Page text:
“Live by the sword die by the sword” is a proverb that is as true today as it was almost 2,000 years ago. What was the original context of this saying?
Last night my Mexican homestay student during our conversation over dinner about how his day had gone mentioned that he was now afraid about going to a shopping centre in downtown Nanaimo because someone had been murdered there. I hadn’t heard about it so I checked out a local online news source to see if this was true. Public street murders are rare in Nanaimo, a small city of about 100,000 people on the east shore of Vancouver Island. Sure enough, someone had been repeatedly stabbed and had died from the wounds. Was it part of the uptick of random “stranger attack” violence or something else? Fear is on the rise in many Canadian big cities like Toronto these days. What should I tell my homestay student? And as for myself, well I regularly go shopping where that murder occurred. Should I change my shopping habits to avoid the area?
The next day I decided to go shopping at a store near the murder site. They had a sale on some beef sirloin tip roasts, which I wanted to take advantage of, you know, food being so expensive these days. As luck would have it in the check out line there was a RCMP officer, kitted out in SWAT team drab olive fatigues with the letters “DOG POLICE” printed in large letters on his body armour immediately before me. So I decided to have a conversation with the officer and opened with a joke.
“So you’re the dog police, eh? So you’re the guy the dogs call when they don’t get enough kibble or long enough walks?” The policeman smiled at me and laughed saying, “Well, that’s a new one. Most people just say something like, ‘It wasn’t me.'”
I responded, “Well, my conscience is clear. But I am wondering, officer, do you know anything about the murder that took place here yesterday?” (The police weren’t publicly releasing any information.) The DOG POLICE officer responded, “Yes, I do know a lot about it. But you and the general public don’t have to be concerned because this one was strictly a live by the sword die by the sword situation. I responded, “I’m impressed officer. You know some Scripture. Thank you for sharing.” And so, when I went home I looked up the Scripture to refresh my memory about its context and to reflect on its teaching:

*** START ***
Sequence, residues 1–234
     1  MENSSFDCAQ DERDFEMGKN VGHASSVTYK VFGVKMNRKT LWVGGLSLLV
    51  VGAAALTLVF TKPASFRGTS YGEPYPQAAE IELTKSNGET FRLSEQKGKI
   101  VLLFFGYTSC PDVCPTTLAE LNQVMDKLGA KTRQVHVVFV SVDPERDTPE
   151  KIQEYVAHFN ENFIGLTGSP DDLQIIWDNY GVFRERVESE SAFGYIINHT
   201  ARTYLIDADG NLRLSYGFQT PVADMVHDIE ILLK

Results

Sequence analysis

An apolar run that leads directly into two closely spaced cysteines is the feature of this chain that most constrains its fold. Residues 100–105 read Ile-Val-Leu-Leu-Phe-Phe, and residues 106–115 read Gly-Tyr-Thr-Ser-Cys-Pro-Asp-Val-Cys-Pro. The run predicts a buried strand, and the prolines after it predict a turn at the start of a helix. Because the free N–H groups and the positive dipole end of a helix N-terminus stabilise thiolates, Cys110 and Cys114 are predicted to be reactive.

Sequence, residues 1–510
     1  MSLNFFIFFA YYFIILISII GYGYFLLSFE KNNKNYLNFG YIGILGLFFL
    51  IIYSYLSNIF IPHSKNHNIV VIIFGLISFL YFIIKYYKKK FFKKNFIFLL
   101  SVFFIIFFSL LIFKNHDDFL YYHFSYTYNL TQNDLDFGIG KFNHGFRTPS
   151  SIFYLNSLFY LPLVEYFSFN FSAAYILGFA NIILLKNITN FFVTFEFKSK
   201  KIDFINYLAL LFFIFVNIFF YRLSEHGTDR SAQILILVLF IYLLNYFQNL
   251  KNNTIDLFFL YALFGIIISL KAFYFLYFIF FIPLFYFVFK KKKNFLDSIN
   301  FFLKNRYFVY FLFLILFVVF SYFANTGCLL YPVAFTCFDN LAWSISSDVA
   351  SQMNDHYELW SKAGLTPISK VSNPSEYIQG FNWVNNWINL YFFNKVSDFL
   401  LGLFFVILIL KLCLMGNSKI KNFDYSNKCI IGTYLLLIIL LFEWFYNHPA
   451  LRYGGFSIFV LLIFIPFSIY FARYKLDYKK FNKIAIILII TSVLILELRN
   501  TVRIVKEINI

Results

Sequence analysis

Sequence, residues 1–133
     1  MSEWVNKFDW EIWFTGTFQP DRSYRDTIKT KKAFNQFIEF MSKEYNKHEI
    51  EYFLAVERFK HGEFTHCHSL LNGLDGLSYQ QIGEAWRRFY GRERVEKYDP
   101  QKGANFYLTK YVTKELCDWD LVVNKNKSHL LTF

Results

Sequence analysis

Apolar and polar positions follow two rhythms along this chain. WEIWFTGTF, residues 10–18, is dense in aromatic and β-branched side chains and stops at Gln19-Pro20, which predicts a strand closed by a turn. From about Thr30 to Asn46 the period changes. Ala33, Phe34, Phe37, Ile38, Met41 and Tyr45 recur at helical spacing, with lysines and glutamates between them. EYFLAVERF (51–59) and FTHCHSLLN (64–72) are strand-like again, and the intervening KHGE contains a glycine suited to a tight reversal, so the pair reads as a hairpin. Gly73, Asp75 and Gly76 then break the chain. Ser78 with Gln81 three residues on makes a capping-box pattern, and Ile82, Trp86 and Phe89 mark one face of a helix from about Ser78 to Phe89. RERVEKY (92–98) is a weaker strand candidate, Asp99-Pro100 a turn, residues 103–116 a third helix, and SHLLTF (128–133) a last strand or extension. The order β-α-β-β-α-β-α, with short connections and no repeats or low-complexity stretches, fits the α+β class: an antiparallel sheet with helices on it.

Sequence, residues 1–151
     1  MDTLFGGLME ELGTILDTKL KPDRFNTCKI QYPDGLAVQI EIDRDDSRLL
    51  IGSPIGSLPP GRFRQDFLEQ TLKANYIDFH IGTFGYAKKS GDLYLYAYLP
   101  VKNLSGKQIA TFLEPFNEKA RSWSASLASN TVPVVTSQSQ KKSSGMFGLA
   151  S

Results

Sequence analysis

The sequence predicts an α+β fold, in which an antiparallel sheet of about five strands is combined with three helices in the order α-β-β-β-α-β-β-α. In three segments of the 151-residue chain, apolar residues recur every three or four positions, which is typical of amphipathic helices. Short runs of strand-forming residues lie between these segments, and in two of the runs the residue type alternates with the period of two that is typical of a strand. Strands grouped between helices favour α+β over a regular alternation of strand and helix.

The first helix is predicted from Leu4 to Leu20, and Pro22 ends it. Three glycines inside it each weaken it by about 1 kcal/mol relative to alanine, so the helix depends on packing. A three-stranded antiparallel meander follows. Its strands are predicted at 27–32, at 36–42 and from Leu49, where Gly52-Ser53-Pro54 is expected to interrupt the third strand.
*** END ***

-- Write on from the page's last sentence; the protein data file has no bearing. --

Judas (one of the original Twelve disciples) showed up, and with him a gang from the high priests and religious leaders brandishing swords and clubs. The betrayer (Judas) had worked out a sign with them: “The one I kiss, that’s the one—seize him.” He went straight to Jesus, greeted him, “How are you, Rabbi?” and kissed him. Jesus said, “Friend, why this charade?Then they came on him—grabbed him and roughed him up. One of those with Jesus (Peter) pulled his sword and, taking a swing at the Chief Priest’s servant, cut off his ear. Jesus said, “Put your sword back where it belongs. People who use the sword die by the sword! Don’t you realize that I am able right now to call to my Father, and twelve companies—more, if I want them—of fighting angels would be here, battle-ready? But if I did that, how would the Scriptures come true that say this is the way it has to be?” (Matthew 26:49-54)
Jesus’ destiny as the Lamb of God was to allow Himself to be arrested and then murdered (slaughtered as a Passover sacrifice) to pay the blood price needed to cover the spiritual debt that all of us have incurred by our sins (transgressions of God’s Law). But even at such a critical moment in his ministry, Jesus used the occasion to teach his disciples to avoid the trap of using physical violence to deal with some dispute. Something, evidently, that was never learned by the two people involved in Nanaimo’s drug trade who recently met and then settled their conflicted account with the knife.